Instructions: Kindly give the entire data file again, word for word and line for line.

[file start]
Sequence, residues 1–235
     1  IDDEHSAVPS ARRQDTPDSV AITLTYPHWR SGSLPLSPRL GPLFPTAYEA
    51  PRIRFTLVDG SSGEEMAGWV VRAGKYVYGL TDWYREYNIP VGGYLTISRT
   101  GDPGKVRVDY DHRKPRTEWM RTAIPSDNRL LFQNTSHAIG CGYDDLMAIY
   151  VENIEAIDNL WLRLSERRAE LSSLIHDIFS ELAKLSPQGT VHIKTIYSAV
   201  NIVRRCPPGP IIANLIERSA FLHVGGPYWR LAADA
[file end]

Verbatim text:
Sequence, residues 1–235
     1  IDDEHSAVPS ARRQDTPDSV AITLTYPHWR SGSLPLSPRL GPLFPTAYEA
    51  PRIRFTLVDG SSGEEMAGWV VRAGKYVYGL TDWYREYNIP VGGYLTISRT
   101  GDPGKVRVDY DHRKPRTEWM RTAIPSDNRL LFQNTSHAIG CGYDDLMAIY
   151  VENIEAIDNL WLRLSERRAE LSSLIHDIFS ELAKLSPQGT VHIKTIYSAV
   201  NIVRRCPPGP IIANLIERSA FLHVGGPYWR LAADA